Unit 1: All About Directions
Which Way Do We Go?
Has anyone ever asked you how to get somewhere? At your house it might be, “Where’s the kitchen?” At school, someone might ask, “Where’s the Office?” Explaining how to get somewhere is an important skill. Using the right words can make it very easy to point someone in the right direction.
Some maps can be very fancy and we use special words to tell us directions on those fancy maps. As early as you can, go outside and take a look at the sky. Where’s the Sun? When the Sun comes up in the morning, we call that time sunrise.
Around and Around
Many things spin. Have you ever been on a merry-go-round? Have you turned a doorknob to open a door? Is there a ceiling fan somewhere in your home? All of these things, and many others, spin around. How do you describe that motion? Let’s make a model of a clock, review telling time, and describe the movement of the clock’s hands.
The Night Sky
This two-day lesson introduces the fraction: one-quarter. We review earlier concepts: East, clockwise, and counter-clockwise. There is a connect-the-dots activity (which also reviews the alphabet) that introduces constellations in the night sky. It concludes with a night-time outdoor viewing session to see the Big Dipper, the Little Dipper, and the North Star on a clear night. Have a star party in your own back yard!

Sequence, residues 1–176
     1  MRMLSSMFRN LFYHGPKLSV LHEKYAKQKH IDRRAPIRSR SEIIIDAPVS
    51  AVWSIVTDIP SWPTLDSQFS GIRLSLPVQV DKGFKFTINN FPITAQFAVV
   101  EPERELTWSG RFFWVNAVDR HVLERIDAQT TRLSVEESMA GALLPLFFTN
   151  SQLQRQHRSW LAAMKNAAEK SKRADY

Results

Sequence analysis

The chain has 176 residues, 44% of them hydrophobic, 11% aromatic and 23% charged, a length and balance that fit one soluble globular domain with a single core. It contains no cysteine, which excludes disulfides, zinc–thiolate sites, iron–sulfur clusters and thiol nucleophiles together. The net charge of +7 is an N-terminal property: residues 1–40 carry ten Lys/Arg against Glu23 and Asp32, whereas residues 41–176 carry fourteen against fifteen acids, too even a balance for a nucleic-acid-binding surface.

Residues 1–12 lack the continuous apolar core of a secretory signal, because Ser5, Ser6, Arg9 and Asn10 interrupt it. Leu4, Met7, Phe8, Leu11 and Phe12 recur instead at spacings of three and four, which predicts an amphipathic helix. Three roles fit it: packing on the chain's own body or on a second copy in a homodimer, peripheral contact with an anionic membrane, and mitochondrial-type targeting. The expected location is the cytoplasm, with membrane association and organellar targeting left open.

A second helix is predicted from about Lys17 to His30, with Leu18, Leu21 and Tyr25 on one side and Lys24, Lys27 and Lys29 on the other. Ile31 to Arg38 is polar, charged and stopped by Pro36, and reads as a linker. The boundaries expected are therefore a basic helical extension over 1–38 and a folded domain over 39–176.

For most of us, the evening is a time to wind down from our day. In this lesson, we’ll make a Compass Rose, then turn toward the setting Sun to locate the West. We will learn about animals and plants that come out at night.
Scientists keep track of their experiments by writing down what happened and when it happened. That information is called data. In this lesson, we look at a Data Table that shows the amount of daylight depending on the season. Then we create a Data Table of our own.
Some animals move from one area to another when the seasons change. That movement is called migration. Animals migrate to follow the food. Let’s take a look at the Monarch Butterfly, a beautiful insect that migrates to our area every Summer.
Let’s take another look at migration. If there’s a pond or lake near you, then you’ve probably seen Canada Geese. Many Canada Geese migrate every year. Learn about the goose and make your own 3D model of a flying Canada Goose!
Earth's Magnetic Field
Investigate the four main layers of our planet and discover Earth’s magnetic core. Then use a refrigerator magnet check if common household items are magnetic or not and record your observations in a data table.
Make a Compass
It’s not a needle in a haystack, but a floating needle that points you in the right direction. Make your own compass and find the four Cardinal Directions, then complete a Crossword Puzzle to review some of the directions that we’ve investigated.